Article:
My first fellowship meeting for the trip was with Ngila Bevan Co-director at. People with Disabilities Australia (PwDA). PwDA have been an important part of this trip for me since the application stage of my fellowship because a meeting with some of their representatives about 6 years ago made me begin to question how inclusive and accessible DPOs were in the UK.
In 2011 I met Lesley at an international disability conference she was engaging, on it and just happened to have a learning disability. She was not representing people with learning disabilities but the whole of the organisation.
For me at the time it was a bit of light-bulb moment (a bit late I know) that with the right support everyone who wants to can lead.
When I found out that I had been awarded the fellowship a visit to PwDA became a must. I wanted to gain a better understanding of how the organisation supports inclusive leadership.
From my chat with Ngila 5 things really stuck out
Currently (although the future is looking uncertain) many pan-impairment dpos in Australia receive funding from local or national government to cover core running costs. This seemed almost alien to me.
The disability sector in Australia was able to come together as a whole and submit a shadow report from civil society to the United nations on the united nations convention on the rights of persons with disabilities. Although people acknowledge compromises were made to achieve this the outcome has been organisations have found it easier to work together nationally on other issues.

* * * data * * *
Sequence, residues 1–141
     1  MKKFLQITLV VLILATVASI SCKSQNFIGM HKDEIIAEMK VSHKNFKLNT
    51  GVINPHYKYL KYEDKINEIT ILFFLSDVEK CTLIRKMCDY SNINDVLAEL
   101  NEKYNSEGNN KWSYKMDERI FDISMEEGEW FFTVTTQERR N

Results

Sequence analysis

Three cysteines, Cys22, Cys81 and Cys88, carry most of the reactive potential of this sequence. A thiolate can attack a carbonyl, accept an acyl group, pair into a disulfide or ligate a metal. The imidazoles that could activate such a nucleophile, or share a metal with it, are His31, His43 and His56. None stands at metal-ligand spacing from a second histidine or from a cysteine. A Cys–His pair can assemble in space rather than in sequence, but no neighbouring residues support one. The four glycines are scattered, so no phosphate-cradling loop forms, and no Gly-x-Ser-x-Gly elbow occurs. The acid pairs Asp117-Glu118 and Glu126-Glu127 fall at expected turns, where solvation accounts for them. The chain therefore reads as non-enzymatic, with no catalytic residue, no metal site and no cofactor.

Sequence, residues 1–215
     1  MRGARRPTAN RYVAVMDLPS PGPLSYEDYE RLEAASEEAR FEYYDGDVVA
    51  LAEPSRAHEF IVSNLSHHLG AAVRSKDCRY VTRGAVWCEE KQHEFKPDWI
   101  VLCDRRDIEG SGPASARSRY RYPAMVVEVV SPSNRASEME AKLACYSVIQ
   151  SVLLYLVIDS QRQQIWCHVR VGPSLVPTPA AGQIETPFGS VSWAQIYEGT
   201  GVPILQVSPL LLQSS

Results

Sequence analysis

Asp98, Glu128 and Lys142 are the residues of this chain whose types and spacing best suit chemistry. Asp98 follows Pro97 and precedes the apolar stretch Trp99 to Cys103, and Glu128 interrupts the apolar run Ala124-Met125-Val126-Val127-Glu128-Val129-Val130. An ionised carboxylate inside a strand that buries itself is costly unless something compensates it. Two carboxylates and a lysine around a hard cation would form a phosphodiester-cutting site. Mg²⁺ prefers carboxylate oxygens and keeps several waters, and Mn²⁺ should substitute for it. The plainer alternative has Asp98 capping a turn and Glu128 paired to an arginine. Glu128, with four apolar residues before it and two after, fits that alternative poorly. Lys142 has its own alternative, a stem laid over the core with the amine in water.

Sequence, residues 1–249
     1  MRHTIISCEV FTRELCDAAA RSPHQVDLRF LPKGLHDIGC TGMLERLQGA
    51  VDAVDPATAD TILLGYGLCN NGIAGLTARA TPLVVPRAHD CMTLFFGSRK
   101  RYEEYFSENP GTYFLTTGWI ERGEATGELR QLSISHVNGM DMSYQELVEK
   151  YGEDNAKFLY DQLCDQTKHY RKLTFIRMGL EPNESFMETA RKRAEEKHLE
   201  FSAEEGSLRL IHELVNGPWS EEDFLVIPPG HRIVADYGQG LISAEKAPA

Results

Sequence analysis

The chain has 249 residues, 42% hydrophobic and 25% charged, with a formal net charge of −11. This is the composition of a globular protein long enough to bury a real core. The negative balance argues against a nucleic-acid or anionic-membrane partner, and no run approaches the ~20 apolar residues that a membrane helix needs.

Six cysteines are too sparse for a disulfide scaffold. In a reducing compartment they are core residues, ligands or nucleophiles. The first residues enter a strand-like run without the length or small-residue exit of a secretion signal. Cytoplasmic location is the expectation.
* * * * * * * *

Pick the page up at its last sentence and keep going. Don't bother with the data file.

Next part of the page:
3.Will – being inclusive and accessible just seems to happen when asked what policies or procedures support this approach the answer is none and why wouldn’t we be accessible to all. There is an acknowledgement of the need for identity specific organisations as well.
4.Openness PwDA seems to be very open I think that this in part comes from the stability in funding and is possibly helped by the fact there isn’t a language division between dpos and the general public.
5. Entry points PwDA have open calls to the membership to represent the organisation. They provide briefing and training to support people to carry out the opportunities. They also encourage people to stand for board positions as a development opportunity and offer internships to disabled students.
These are just a few of my initial observations more will follow in my final fellowship report.